Betty W. Phillips, Ph.D., Psychology
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SELF ESTEEM III: Fighting the Internal Critic

SELF ESTEEM III: Fighting the Internal Critic

Last month's column discussed techniques to bolster self-esteem by recognizing and reinforcing realistic strengths and achievements in your life. Some of you will have accomplished this task successfully and will feel better about yourself and your world. Others will have struggled with the task and found themselves wanting. Let's not allow the Internal Critic to win this important battle. This column will further discuss techniques to counteract negative self judgments which wound our self-esteem.

Realize that self-criticism is destructive, rarely constructive. Of course some rational analysis of self can be helpful to understand and anticipate criticism as long as it stays out of the self-concept. A habit of internal criticism, however, will penetrate to your very essence, and you will think and feel like a failure in important life areas. Sometimes the critical self judgments will be so pervasive that you can feel like a total failure. Help is available! You do not need to continue these anxious, depressed, hopeless ways of thinking. Cognitive behavioral techniques such as those outlined in these articles can provide dramatic relief. I can think of many of my clients who dragged themselves into my office feeling at the end of their rope and emerged feeling at the top of their game. The improvement is not instantaneous and does require work, but the rest of your life can be improved if you are suffering from the wicked words of a harsh Internal Critic.

You want to start by being kind to yourself. If you have a strong Internal Critic, this means that you never learned to be kind and take care of yourself. But the world is a much nicer and happier place if you can feel good about yourself. In the first article of this series I described the "best friend" technique. The essence of this approach is that you are a best friend to yourself! You can look in the mirror and think, for example, "I look fat; I'm a slob; I have a pimple on my nose" leaving you feeling inadequate and unattractive. Or you can notice that "My hair looks good this way; my eyes sparkle when I laugh" leaving you feeling better about yourself. While the picture in the mirror remains the same, your positive and caring thoughts about yourself make a difference in terms of your mood and self-esteem.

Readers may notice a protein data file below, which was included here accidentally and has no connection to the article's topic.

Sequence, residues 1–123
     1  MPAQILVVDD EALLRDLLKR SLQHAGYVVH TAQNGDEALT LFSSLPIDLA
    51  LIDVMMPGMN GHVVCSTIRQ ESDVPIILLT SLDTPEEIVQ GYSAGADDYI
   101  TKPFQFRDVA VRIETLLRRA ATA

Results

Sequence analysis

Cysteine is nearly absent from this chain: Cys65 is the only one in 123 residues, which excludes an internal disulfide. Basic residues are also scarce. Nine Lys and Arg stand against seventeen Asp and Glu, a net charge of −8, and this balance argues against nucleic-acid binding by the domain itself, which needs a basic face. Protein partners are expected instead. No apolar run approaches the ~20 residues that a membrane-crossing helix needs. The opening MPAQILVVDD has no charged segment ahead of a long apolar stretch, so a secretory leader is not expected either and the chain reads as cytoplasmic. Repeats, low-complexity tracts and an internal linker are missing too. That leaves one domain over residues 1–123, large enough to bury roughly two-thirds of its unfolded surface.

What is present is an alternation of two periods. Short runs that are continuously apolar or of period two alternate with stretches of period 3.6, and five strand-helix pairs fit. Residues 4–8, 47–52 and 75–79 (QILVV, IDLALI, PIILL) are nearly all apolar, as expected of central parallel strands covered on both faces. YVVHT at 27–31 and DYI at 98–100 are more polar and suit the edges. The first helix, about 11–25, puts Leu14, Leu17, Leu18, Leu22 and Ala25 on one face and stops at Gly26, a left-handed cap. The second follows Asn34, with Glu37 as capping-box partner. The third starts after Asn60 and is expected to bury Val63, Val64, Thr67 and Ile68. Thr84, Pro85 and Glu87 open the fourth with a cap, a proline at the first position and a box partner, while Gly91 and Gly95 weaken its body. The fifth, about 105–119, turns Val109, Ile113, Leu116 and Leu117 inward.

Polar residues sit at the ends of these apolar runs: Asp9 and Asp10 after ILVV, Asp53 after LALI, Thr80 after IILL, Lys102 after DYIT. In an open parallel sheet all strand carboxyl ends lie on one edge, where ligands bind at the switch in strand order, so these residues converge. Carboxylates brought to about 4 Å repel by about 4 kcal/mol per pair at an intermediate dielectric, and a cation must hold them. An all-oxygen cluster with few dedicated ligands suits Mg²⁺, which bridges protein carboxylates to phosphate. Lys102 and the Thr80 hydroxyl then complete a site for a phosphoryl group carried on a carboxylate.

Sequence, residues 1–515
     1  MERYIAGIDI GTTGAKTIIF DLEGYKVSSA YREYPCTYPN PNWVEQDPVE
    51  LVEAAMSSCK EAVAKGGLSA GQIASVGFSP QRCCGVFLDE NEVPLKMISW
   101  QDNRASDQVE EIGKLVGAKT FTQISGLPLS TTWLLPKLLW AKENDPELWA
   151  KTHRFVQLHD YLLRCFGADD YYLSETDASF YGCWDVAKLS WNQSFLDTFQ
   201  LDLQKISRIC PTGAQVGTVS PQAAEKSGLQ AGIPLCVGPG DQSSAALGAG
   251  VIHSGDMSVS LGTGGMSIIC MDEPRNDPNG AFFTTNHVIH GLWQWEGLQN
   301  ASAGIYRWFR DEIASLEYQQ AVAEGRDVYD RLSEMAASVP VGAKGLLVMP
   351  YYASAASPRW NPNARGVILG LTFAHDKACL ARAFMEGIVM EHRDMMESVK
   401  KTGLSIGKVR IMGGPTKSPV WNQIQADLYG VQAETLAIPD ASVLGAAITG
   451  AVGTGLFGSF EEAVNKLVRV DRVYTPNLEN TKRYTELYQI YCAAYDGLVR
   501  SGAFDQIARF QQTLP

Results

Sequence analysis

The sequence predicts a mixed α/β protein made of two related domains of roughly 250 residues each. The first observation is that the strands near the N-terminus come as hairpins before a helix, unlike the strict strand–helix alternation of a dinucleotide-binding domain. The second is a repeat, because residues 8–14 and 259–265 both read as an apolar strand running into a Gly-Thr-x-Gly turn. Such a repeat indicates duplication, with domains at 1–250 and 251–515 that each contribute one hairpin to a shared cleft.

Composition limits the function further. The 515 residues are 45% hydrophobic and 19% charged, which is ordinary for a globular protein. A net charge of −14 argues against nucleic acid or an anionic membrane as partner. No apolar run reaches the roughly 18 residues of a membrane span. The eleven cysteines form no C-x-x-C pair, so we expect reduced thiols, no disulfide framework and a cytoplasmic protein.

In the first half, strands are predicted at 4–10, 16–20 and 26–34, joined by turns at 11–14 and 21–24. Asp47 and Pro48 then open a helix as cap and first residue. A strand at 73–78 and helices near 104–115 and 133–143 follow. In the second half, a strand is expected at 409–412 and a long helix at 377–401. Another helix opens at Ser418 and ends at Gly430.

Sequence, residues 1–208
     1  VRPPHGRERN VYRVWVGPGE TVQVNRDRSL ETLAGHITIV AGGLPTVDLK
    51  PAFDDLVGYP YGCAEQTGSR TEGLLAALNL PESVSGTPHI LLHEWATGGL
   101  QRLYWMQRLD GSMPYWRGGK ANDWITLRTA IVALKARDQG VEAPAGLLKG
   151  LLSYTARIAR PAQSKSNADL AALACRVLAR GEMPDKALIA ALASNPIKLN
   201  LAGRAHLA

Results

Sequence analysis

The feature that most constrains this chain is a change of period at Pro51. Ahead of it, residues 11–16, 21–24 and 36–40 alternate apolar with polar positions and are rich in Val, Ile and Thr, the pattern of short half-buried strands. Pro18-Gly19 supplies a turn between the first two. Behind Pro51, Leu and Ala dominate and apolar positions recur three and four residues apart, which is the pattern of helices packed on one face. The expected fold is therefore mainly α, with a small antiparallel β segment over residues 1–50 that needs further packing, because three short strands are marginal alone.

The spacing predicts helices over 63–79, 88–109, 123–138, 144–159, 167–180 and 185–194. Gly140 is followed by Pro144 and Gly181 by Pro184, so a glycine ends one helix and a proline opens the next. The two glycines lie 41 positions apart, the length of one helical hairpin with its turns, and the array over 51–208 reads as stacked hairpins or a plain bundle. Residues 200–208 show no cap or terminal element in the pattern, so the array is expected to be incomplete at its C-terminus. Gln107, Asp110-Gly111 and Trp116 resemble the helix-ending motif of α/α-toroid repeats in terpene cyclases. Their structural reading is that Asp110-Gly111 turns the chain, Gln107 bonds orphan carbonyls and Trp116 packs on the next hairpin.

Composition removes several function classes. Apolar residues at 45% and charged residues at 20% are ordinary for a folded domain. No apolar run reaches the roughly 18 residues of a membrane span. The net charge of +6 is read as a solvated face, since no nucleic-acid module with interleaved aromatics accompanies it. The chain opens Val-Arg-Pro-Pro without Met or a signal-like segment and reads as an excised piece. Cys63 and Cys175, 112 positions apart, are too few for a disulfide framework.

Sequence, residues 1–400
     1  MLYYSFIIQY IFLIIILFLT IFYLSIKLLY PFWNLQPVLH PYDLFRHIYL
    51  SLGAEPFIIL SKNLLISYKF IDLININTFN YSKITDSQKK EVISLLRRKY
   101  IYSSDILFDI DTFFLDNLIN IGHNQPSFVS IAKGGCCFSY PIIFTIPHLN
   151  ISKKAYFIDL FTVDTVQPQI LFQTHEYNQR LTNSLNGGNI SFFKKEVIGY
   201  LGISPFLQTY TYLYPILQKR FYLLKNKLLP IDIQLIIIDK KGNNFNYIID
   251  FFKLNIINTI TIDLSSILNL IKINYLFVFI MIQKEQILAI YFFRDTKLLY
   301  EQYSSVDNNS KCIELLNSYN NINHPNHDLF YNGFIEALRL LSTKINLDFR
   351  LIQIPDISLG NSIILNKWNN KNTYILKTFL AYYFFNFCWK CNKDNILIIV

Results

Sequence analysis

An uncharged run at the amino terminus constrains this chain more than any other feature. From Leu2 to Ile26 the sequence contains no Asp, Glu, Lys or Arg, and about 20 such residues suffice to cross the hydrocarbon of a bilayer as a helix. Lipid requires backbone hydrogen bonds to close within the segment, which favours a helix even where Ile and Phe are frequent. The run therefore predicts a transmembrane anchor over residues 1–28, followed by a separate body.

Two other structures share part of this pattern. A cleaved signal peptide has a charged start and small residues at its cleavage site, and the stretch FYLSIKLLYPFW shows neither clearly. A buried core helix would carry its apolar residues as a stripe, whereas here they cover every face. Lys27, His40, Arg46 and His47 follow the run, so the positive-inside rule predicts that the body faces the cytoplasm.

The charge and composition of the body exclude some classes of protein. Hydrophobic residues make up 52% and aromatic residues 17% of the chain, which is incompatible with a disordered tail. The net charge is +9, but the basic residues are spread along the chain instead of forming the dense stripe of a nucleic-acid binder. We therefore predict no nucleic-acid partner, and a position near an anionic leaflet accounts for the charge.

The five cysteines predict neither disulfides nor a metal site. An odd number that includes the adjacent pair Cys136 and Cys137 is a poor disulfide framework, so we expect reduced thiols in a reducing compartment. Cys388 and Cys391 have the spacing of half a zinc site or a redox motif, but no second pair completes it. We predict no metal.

A systematic approach to counter the ravages of the Internal Critic will be to restructure your self-concept in a more realistic and positive manner. The approach is to write self descriptive statements in important life areas such as appearance, personality and life skills. If you have a strong Internal Critic, you will notice a preponderance of negative descriptors when you make the list. Those descriptions should be rewritten to make them nonjudgmental, specific and accurate, and countered by corresponding strengths. Take "scatterbrained" for example. Instead of this judgmental term, you can write that you become distracted in boring situations but that you focus well and produce high-quality work in demanding situations requiring creativity. If you have a strong Internal Critic you will need assistance in writing rebuttal judgments because the critic will keep censoring you when you try to think more positively about yourself.